We argue that two fundamental (and historically non-obvious) characteristics of firms — low exit/death costs (produced by incorporation and limited liability) and limited entry (and ensuing lower social learning costs) — accelerates the evolution of group-level traits, both by promoting innovation in group  traits and by fast-tracking the invasion of those that succeed. Before firms, carriers of group-level traits such as tribes (and their members) had to “die”; with firms, individuals don´t have to, firms die instead (and quite frequently so!). We sustain our claims using the historical account of the birth of modern firms and simple formal models.

Regine E. Stolarczyk, University of Tübingen, Germany:
What’s new in tool behavior:  Using cognigrams and effective chains to detect new and old traits in the Middle Stone Age of Southern Africa and beyond
One of the most striking features of hominid development is an increasing innovativeness in object behavior and a marked flexibility, variability and complexity in producing and using tools. Therefore, it is of utmost importance to study innovations in archaeological remains to understand not only cultural change but also cognitive steps in human evolution. The most common way in Paleolithic research to look at innovations is to identify new tool types and deduce new production techniques by studying tools. However, it is not enough to merely focus on the appearance of new tool types because the tool is just one small part of a behavior.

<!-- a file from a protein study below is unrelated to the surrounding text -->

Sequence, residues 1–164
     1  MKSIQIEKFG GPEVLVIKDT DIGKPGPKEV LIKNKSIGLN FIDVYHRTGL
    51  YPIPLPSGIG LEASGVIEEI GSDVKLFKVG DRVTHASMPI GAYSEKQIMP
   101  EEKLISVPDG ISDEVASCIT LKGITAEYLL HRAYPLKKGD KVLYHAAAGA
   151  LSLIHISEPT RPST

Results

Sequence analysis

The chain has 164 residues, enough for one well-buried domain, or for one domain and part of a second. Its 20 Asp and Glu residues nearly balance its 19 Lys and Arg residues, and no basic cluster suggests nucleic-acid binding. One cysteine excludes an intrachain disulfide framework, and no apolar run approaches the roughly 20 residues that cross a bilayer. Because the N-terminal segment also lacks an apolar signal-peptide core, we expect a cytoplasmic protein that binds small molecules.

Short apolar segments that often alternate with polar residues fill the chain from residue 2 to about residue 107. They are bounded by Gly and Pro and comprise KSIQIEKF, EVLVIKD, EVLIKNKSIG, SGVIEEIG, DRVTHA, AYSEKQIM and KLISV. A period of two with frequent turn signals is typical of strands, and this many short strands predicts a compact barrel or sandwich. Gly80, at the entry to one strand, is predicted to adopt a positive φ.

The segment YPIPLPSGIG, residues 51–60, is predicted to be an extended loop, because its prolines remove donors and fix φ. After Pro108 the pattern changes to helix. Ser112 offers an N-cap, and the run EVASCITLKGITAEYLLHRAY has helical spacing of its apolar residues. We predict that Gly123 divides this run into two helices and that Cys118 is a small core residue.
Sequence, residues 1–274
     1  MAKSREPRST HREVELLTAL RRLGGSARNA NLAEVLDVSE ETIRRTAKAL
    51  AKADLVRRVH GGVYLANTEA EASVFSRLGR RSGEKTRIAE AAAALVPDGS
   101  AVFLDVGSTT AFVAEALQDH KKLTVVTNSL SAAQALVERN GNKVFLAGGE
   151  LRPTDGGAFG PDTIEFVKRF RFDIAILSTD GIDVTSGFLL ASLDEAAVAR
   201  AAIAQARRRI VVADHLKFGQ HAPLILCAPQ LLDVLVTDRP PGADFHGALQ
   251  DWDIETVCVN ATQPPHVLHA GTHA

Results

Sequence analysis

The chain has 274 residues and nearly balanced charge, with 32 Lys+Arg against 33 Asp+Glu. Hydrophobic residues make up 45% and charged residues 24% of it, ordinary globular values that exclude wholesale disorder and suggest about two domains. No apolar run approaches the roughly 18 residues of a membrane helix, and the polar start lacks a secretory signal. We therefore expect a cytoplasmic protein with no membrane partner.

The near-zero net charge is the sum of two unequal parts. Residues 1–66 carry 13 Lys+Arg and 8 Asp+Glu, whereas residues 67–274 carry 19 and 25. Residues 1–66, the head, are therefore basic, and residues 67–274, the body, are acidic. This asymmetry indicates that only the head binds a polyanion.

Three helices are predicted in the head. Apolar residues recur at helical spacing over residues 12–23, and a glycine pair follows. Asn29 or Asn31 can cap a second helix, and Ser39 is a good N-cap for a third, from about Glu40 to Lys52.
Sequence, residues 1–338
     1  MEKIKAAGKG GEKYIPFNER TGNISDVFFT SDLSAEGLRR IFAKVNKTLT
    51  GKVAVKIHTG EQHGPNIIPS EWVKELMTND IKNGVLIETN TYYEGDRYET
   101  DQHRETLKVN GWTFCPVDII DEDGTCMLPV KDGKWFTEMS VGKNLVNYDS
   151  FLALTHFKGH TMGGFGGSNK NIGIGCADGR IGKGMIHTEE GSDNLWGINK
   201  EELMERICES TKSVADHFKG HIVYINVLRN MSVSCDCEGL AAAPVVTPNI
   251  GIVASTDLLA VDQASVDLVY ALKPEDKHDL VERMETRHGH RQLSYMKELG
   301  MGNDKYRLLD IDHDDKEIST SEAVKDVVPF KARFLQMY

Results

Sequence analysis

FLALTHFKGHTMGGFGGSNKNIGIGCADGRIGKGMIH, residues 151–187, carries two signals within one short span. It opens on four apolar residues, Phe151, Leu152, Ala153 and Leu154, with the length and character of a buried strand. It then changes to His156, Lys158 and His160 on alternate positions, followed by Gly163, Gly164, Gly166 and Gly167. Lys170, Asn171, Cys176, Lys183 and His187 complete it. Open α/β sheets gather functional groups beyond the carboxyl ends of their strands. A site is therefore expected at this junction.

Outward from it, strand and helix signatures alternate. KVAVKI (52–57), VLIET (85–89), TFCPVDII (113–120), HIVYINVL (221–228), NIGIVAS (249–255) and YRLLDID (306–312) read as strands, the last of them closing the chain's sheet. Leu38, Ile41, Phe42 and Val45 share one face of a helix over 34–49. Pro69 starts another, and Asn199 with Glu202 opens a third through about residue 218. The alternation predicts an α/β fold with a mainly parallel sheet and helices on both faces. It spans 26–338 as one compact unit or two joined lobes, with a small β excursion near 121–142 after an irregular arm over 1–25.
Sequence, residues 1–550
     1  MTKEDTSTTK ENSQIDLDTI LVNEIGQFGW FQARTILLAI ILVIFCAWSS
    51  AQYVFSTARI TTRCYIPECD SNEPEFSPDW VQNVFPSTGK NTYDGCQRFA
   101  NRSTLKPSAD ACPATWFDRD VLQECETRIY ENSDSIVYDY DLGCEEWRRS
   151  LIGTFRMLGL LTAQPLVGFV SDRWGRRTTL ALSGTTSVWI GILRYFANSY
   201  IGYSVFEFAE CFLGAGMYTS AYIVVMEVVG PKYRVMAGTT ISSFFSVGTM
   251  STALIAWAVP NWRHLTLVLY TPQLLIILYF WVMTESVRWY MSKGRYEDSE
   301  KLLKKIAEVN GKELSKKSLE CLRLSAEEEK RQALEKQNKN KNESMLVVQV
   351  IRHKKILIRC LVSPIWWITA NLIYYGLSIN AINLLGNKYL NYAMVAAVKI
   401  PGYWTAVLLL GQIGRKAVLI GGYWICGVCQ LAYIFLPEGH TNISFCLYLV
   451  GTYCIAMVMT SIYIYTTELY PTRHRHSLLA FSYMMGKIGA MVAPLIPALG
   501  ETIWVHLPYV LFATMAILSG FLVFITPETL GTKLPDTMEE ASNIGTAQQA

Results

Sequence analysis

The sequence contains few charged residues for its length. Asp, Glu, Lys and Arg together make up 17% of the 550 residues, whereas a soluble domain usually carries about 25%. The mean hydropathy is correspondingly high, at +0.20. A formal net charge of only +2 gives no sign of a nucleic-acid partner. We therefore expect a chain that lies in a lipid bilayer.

Innovative behaviors are seldom completely new solutions, but rather mosaics of new and old traits and the innovative components affect diverse parts of object behavior, like tool types, technological processes or mental concepts. If we want to understand cultural change and innovative capacities of hominids, we have to identify this mosaic and evaluate what is really new. Cognigrams and effective chains can be used to detect such innovative traits in tool behavior by reconstructing past behaviors and compare them with each other. The presented study focuses mainly on identifying innovations in the Middle Stone Age of Southern Africa, from new tool types (e.g. retouchers), new artefact groups like organic tools, new production techniques such as polishing bone, and new behaviors like hunting with bow and arrow to so far unknown mental aspects (e.g. initiating and anticipating effects of tools without controlling the effect during its agency).